U.S. stock index futures edged lower on Thursday as investors weighed the prospects of some solid U.S. economic data against increasing discord in Egypt and worries that a rally that may be losing steam.

Data on Thursday includes U.S. December factory orders and the Institute for Supply Management's (ISM) January non-manufacturing index, both at 10 a.m..

Factory orders are expected to have declined by 0.5 percent in December after rising 0.7 percent in November. December's non-manufacturing ISM index is expected to be read 57.0, about in-line with November.

Investors will look for clues on the health of the labor market ahead of Friday's key U.S. non-farm payrolls report in the weekly jobless claims data at 8:30 a.m. A Reuters poll shows claims are expected to drop to 420,000.

On the positive side for the market, good numbers will be seen as further indication of the growth of the economy, bad numbers will be seen as weather-influenced, said Rick Meckler, president of investment firm LibertyView Capital Management in New York.

Better-than-expected readings of economic growth might not be enough to dislodge investor worries about rising unrest in Egypt, where gunmen fired on anti-government protesters in Cairo. The fighting killed six and wounded more than 800 people, prompting new calls from Western powers for President Hosni Mubarak to start handing over power immediately.

The initial shock has already hit and it is going to take more meaningful developments there to influence markets the way it did when it first occurred, Meckler said.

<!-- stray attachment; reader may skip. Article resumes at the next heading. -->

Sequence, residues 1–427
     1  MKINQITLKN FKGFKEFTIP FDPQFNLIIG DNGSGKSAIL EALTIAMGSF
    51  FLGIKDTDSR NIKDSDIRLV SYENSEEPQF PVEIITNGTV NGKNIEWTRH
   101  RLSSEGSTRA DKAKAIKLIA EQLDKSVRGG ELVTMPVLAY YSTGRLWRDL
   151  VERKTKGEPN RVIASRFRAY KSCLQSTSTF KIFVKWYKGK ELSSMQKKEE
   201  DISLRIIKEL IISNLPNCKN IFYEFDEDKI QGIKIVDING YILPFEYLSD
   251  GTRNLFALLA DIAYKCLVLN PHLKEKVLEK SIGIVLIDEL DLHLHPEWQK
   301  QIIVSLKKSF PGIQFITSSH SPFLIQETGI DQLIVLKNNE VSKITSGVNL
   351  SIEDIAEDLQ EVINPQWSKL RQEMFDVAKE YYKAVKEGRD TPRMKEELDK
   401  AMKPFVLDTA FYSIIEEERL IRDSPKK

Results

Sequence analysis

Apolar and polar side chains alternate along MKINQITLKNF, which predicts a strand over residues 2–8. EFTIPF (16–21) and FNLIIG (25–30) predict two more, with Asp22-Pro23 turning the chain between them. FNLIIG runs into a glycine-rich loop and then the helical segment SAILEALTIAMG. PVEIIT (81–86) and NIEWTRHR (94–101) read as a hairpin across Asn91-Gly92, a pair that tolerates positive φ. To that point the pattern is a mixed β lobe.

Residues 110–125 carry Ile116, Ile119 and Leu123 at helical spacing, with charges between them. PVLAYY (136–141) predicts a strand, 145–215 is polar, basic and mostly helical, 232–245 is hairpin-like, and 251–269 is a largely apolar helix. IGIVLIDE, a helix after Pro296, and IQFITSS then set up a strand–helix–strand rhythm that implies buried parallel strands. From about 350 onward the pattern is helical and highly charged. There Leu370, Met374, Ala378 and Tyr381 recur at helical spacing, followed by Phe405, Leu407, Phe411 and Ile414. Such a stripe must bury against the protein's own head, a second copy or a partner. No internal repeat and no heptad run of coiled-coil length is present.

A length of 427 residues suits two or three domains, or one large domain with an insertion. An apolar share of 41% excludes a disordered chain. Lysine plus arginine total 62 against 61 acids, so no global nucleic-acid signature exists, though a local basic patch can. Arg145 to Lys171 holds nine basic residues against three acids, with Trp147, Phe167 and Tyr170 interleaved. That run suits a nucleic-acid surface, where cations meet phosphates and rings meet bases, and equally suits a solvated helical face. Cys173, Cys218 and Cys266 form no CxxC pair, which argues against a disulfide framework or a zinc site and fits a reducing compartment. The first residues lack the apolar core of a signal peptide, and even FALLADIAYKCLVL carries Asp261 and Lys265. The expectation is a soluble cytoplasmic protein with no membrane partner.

However, if for some reason fighting breaks out on a very wide scale, or it appears to have some impact in terms of Suez Canal disruptions or if it spreads to other countries, you will have investors reassessing that, he said.

The S&P 500 <.SPX> started to look overbought for the second straight session after reaching 2 1/2-year highs on Tuesday as resistance near the 450 level for the PHLX Semiconductor Index <.SOX> suggested stocks were vulnerable to a correction.

S&P 500 futures slipped 1.9 points and were slightly below fair value, a formula that evaluates pricing by taking into account interest rates, dividends and time to expiration on the contract. Dow Jones industrial average futures fell 13 7 points, and Nasdaq 100 futures fell 1.75 points.

Merck & Co fell 1.8 percent to $33.22 in premarket after the drugmaker forecast 2011 earnings below Wall Street forecasts and withdrew its longer-term profit view.

Retailers will also be in focus as companies post their January sales results. According to Thomson Reuters data, of the 11 of 28 retailers reporting sales so far, six have topped analyst expectations.

U.S. warehouse club operator Costco Wholesale Corp posted a higher-than-expected 9 percent rise in January sales at stores open at least a year.

(Editing by Padraic Cassidy)